The fifth graders at Remington Traditional graduated from the DARE (Drug Abuse Resistance Education) program on Tuesday during a ceremony in the school’s library.
The program, which is taught by Maryland Heights police officer Bob Heitert, gives students the skills they need to recognize and resist the pressures that may cause them to experiment with drugs or become involved in unhealthy activities.
Several district activities have been canceled this year due to the pandemic, but Heitert was determined to hold this event because it’s a culmination of a lot of things for the students.
“This kind of stuff is the greatest part about the job,” he said. “Last year's group didn't get to have a graduation, so I’m happy we get to celebrate with them this year because they’ve worked hard and they deserve it.”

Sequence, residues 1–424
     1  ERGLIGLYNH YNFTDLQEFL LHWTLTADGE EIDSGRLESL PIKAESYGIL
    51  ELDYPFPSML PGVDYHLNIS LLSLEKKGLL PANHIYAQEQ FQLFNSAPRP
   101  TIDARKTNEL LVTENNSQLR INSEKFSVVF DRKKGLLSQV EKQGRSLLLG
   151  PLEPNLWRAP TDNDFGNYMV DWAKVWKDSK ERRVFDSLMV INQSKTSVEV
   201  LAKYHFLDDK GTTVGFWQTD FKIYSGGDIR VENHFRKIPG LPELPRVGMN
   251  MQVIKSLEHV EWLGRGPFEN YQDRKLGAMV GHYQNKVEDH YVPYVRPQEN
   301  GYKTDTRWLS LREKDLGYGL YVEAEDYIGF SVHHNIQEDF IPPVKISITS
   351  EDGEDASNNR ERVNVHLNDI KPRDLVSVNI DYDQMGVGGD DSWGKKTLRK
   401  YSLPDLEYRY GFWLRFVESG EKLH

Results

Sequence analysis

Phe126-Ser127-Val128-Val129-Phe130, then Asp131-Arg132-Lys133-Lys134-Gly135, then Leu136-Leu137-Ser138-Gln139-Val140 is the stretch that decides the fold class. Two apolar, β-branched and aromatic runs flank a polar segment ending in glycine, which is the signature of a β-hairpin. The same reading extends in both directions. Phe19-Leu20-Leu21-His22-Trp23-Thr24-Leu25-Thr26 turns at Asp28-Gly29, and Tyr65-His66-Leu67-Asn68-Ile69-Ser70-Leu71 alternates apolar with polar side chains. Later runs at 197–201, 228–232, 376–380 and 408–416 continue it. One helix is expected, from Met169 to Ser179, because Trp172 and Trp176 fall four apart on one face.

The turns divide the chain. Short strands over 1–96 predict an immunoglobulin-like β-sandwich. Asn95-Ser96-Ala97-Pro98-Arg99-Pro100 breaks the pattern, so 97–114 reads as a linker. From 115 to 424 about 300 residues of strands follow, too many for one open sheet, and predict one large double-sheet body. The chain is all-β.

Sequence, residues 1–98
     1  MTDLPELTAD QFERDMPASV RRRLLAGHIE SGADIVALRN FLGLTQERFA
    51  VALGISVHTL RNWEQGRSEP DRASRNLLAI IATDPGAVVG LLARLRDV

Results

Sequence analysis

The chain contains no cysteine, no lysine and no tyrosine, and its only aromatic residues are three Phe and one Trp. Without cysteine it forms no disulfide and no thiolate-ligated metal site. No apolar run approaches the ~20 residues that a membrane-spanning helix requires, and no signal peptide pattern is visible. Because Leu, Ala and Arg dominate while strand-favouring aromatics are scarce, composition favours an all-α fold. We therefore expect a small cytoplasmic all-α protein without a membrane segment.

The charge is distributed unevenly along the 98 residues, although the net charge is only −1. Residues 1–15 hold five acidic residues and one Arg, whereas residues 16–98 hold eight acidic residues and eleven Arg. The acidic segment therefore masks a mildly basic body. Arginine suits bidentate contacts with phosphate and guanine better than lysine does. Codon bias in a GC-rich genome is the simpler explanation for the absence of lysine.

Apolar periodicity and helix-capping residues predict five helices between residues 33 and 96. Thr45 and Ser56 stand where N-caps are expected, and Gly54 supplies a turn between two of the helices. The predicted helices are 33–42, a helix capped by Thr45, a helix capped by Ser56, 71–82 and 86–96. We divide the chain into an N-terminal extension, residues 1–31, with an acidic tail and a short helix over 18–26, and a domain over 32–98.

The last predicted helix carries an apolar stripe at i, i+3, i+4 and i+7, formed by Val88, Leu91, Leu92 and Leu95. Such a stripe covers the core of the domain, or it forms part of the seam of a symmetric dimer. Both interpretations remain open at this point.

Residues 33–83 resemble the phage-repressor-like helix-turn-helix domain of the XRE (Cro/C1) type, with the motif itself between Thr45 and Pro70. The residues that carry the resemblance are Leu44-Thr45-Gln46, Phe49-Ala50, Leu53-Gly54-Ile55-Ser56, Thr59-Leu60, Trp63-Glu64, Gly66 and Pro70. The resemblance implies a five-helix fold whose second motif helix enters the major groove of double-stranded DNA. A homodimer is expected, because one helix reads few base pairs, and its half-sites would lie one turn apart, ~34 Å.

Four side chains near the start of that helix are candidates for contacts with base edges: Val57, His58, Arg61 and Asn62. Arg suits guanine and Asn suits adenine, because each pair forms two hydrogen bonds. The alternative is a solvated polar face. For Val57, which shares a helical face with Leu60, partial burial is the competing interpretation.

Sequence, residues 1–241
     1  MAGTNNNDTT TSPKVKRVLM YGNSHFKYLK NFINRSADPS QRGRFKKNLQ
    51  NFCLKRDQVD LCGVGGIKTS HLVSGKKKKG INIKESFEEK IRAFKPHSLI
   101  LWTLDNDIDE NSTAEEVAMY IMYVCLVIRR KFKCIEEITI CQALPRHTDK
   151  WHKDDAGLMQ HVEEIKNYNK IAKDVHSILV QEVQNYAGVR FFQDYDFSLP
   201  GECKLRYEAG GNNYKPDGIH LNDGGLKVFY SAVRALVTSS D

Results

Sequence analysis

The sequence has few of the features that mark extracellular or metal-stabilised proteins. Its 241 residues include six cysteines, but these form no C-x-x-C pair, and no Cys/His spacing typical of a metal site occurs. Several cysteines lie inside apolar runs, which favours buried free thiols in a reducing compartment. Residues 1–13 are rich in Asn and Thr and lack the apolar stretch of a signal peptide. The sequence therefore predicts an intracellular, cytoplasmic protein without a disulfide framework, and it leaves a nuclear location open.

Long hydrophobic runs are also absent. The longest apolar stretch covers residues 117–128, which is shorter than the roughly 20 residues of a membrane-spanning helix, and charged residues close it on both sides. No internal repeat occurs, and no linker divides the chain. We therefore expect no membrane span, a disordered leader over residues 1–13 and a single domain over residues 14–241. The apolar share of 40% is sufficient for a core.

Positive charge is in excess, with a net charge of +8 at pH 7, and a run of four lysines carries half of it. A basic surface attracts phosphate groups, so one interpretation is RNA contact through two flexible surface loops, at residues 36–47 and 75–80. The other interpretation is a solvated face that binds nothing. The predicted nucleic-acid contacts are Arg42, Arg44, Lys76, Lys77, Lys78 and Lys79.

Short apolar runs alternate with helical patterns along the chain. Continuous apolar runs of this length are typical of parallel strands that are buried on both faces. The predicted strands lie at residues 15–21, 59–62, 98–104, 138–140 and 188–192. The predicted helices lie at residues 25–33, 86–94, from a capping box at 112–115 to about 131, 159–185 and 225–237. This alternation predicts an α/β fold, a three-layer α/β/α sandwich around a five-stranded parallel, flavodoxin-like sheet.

As part of the DARE program, fifth graders are asked to complete assignments as well as to write an essay about what they have learned. Juliana Huling was chosen as the essay contest winner from Mr. Eric Johnson’s class.
“I wrote about staying away from drugs and wrote about the differences between prescription drugs and over-the-counter drugs,” she said. “I also talked about bullying and the reasons we shouldn’t do that.”
Heitert is also the DARE officer at Parkwood and Rose Acres elementary schools and will be holding graduation ceremonies for them this week.
“I’ve got the best job in the department,” he said. “Seeing their energy and having fun with them today was awesome.”
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